Without consulting with members of the Hopi Indian tribe, History Colorado may never have known the true purpose of one of its Ancient Puebloan artifacts.
History Colorado has maintained an active program implementing the Native American Graves Protection and Repatriation Act (NAGPRA), passed by the U.S. Congress in 1990. Public institutions nationwide are required to comply with the law, which includes provisions for documentation of Native American collections, providing information to Native American tribes, and consulting with those tribes on a government-to-government basis. While History Colorado is legally required to comply with NAGPRA and to consult with tribes regarding History Colorado collections, over one hundred consultations with more than fifty tribes have shown that History Colorado also benefits from such consultations by learning valuable information about objects in its care. One illustration of how tribal consultations have enhanced our understanding of objects is an Ancient Puebloan “snow shoe” from the Mesa Verde area.
This object is part of History Colorado’s Mesa Verde collection and was excavated by avocational archaeologist Arthur Wilmarth from one of the cliff dwellings in what is now Mesa Verde National Park. The Colorado State Legislature authorized Wilmarth to develop an exhibit of Mesa Verde objects for the Columbian Exposition at the Chicago World’s Fair in 1893. After the objects returned to Colorado, Wilmarth donated his collection to the state historical society. To this day, History Colorado’s collection from Mesa Verde remains one of the largest collections in the world from this unique archaeological region.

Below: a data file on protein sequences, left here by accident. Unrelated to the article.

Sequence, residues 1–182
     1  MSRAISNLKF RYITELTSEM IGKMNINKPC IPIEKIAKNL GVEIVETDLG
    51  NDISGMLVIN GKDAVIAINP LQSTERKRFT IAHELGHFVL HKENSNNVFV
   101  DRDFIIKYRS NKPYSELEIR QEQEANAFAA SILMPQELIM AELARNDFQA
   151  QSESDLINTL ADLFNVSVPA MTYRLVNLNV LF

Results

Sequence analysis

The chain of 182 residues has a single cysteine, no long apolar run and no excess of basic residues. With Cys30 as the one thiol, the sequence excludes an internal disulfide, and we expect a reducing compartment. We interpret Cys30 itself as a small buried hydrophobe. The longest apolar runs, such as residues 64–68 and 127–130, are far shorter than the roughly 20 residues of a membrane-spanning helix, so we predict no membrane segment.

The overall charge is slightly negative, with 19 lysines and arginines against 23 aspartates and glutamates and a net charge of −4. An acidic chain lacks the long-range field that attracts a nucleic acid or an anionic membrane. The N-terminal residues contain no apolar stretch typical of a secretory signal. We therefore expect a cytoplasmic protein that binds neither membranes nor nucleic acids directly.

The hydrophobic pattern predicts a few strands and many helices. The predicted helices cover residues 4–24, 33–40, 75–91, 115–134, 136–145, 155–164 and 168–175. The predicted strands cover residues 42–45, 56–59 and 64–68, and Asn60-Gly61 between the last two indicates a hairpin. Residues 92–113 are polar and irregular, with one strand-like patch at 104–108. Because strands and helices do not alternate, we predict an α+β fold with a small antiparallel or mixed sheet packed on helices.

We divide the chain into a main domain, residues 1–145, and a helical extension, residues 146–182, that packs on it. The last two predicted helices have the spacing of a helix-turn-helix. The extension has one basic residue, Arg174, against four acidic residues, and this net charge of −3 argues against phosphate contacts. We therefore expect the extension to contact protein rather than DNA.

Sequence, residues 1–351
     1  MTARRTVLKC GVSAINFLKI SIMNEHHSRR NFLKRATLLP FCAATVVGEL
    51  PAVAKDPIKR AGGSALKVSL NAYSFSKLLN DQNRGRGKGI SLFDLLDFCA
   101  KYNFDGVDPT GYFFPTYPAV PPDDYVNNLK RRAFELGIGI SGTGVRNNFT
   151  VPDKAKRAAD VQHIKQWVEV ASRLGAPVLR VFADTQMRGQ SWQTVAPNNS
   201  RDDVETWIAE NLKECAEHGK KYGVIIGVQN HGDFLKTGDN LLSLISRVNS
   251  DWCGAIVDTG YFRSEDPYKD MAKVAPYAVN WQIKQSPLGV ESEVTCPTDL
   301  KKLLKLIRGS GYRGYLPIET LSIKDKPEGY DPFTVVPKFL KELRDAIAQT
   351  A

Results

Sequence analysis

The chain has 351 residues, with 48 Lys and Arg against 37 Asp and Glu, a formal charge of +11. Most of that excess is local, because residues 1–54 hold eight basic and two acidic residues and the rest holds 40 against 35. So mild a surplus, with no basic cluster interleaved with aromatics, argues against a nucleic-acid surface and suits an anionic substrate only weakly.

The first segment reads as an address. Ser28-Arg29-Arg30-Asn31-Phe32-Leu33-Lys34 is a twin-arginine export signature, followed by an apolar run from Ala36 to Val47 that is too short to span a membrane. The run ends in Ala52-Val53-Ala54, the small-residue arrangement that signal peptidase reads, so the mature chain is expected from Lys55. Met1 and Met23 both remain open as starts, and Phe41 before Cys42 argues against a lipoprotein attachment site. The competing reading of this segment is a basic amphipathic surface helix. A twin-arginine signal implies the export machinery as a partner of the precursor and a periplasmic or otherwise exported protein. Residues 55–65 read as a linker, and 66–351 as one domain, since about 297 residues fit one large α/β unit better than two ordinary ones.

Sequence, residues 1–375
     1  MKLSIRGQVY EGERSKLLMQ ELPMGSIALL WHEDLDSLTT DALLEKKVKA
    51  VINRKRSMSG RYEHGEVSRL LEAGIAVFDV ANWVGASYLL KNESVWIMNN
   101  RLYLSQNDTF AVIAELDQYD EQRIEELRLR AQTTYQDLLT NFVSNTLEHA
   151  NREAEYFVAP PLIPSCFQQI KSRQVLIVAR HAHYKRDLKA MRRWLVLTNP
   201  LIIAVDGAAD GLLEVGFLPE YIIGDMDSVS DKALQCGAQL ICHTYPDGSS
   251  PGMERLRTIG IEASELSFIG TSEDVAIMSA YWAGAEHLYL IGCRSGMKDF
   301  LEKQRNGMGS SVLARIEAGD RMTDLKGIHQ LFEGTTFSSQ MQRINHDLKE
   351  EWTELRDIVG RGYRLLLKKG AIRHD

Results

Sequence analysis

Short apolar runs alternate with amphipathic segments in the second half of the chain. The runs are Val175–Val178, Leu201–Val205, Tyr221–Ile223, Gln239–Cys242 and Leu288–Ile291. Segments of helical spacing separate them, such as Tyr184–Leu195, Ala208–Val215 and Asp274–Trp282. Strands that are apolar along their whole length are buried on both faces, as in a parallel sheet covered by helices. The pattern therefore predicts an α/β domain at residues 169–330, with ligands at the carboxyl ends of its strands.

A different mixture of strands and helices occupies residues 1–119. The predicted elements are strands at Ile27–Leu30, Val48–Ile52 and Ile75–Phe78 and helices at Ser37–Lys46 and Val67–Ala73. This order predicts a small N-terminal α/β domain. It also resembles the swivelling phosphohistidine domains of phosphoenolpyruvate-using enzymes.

As part of our legal obligations under NAGPRA, History Colorado has consulted with Native American tribes potentially descended from Ancient Puebloan peoples of the Southwest. During consultations, delegates typically are shown objects of possible interest to them. In 1995, when reviewing a “snow shoe” from the Mesa Verde collection, delegates of the Hopi tribe were quick to point out that the object was not a snow shoe but was instead a carrier used to transport trapped eagles for ceremonial purposes. One of the delegates had even used a similar carrier during his youth in the 1930s. This insight changed not only our understanding of the object’s function, but it also demonstrated the continuity of cultures over hundreds of years in the American southwest.
Through the years, History Colorado has fostered a collegial partnership with Native American tribes as it fulfills its ongoing requirement to comply with NAGPRA. This important human rights legislation continues to influence how History Colorado and museums nationwide care for, interpret, and identify Native American collections. It also provides an environment in which Native American tribes may take an active role in that process.
By Bridget Ambler
Photo: O.1079.1, 10032844
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Stephen H. Hart Library and Research Center
History Colorado Center
Denver, CO 80203